3. Hear me out, because this is a bit of a scary one, but have a good hard look at any large shrubs or trees in your garden and imagine them with BARE LEGS. Most shrubs can have their nether branches and twigs removed, (this is called ‘lifting’ in gardening speak) and the result is two-fold. First, you find yourself with extra space! Somewhere you could possibly put a chair, perhaps. Secondly, you create the potential for understory – which means you can then plant beautiful things like woodland bulbs to add another layer of colour and interest to your garden. Third and most importantly though, you have begun to sculpt shapes with your plants, and by making shapes, you give your garden structure – structure which plays that all-important part of providing the clean, green, eye-resting lines that allow you to be entirely slovenly everywhere else. Be aware that at this time of year you’re going to need to take extra care of anything you prune, as normally you’d be doing this when the weather is cooler and growth is slowing. Water copiously after any pruning, and add a layer of garden compost or well-rotted manure afterwards to keep the moisture in. Keep watering daily and deeply for a week or so, depending on the weather, and then every other day for two weeks.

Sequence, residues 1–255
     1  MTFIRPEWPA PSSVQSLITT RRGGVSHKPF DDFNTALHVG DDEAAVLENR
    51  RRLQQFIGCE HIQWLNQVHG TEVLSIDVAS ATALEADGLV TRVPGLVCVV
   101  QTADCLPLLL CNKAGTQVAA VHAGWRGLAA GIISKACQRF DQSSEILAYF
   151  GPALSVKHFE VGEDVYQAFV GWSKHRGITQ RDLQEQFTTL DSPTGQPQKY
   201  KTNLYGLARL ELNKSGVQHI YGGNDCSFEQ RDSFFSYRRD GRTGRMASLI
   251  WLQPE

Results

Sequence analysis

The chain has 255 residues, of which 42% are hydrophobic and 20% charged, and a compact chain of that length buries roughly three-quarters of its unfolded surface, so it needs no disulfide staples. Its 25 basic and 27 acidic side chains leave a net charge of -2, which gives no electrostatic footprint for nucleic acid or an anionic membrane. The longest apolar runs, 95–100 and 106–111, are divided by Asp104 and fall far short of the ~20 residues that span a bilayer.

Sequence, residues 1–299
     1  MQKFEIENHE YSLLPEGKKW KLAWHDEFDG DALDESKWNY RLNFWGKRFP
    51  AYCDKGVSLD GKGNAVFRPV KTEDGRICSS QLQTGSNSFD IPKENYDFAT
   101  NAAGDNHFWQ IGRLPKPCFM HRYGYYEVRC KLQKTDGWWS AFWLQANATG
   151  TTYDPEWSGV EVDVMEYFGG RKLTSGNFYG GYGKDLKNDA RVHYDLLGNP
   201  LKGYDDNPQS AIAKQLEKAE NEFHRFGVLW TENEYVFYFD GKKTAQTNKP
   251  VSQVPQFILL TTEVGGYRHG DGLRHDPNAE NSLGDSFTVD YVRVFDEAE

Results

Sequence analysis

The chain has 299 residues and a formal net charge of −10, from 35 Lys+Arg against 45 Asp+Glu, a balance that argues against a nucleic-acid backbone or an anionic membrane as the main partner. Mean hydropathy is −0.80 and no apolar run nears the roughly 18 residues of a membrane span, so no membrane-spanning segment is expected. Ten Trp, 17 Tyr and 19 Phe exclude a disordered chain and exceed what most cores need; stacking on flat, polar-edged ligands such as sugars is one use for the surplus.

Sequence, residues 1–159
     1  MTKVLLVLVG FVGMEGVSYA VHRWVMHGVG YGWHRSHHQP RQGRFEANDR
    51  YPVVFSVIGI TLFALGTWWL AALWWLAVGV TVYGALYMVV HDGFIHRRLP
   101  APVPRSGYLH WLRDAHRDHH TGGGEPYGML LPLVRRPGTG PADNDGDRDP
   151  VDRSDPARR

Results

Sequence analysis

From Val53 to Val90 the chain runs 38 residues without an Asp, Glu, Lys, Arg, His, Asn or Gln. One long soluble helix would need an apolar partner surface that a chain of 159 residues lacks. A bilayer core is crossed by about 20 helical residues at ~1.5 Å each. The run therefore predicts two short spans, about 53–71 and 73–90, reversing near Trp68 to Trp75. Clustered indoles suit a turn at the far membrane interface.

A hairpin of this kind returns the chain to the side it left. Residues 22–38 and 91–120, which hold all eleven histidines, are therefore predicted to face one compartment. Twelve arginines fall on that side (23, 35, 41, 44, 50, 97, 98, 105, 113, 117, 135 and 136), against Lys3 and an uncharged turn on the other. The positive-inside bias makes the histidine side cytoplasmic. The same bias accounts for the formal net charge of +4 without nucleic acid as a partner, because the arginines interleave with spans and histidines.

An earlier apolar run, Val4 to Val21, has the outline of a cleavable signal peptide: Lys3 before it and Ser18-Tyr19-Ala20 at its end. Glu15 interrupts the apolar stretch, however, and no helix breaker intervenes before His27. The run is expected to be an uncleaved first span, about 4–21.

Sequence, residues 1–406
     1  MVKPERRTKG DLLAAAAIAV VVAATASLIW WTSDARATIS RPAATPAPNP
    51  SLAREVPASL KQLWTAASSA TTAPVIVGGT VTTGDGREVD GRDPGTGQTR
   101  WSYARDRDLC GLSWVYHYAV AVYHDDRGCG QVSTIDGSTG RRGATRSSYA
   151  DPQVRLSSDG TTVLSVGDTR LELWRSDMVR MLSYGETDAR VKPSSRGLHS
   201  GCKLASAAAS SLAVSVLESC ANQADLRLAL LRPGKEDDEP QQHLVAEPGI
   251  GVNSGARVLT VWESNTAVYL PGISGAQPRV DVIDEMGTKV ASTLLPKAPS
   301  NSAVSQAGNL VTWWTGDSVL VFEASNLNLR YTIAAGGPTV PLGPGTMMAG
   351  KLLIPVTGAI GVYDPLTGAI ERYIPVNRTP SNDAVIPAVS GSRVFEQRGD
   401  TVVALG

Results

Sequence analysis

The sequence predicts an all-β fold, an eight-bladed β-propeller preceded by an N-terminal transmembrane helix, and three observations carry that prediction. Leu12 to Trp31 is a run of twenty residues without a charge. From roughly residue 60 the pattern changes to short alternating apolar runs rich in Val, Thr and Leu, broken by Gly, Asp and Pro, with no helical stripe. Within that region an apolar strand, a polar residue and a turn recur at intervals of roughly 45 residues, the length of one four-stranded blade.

4. Think up. There is not a single shabby flowerbed that isn’t improved by the addition of three, five or even seven very long bamboo canes stuck in a circle and tied at the top, tipi style. I swear to you that if you just do this, you’ll feel better about your garden. There is something magical that happens when the eye is forced skyward – it broadens our horizons, it takes us out of ourselves; suddenly we are no longer visually confined within a space. Try it. And hurrah! if you grow something up these canes things will be even better! I would suggest climbing beans, squash or courgettes – you needn’t bother to raise them from seed (unless you want to) as you’ll find seedlings at most of the big shed garden centres. Always buy double the amount you need because slugs and snails WILL try and ravage them…that’s gardening life. This type of veg grows fast, which is why I suggest it, but of course you could go for something more permanent up your obelisk, like a clematis or other climber.

5. Sink in. It’s not gardening, but seriously, you’ll never enjoy your outside space if you don’t create inviting, comfortable seating areas. Shading is a part of this too. Some gorgeous cushions [Laetitia has these] and throws (steal them from inside) and a beautiful parasol (which by the way, acts as yet another vertical element) will do more for your garden than all the weeding in the world. An outdoor rug is also worth considering, especially if your terrace has seen better days. Suddenly, without a single rose, everything feels rather rosy.

Laetitia blogs at LaetitiaMaklouf.com – where you can also sign up for her weekly newsletter, and follow her on Instagram @laetitiamaklouf

 

Main image via Laetitia. Other images via Pinterest.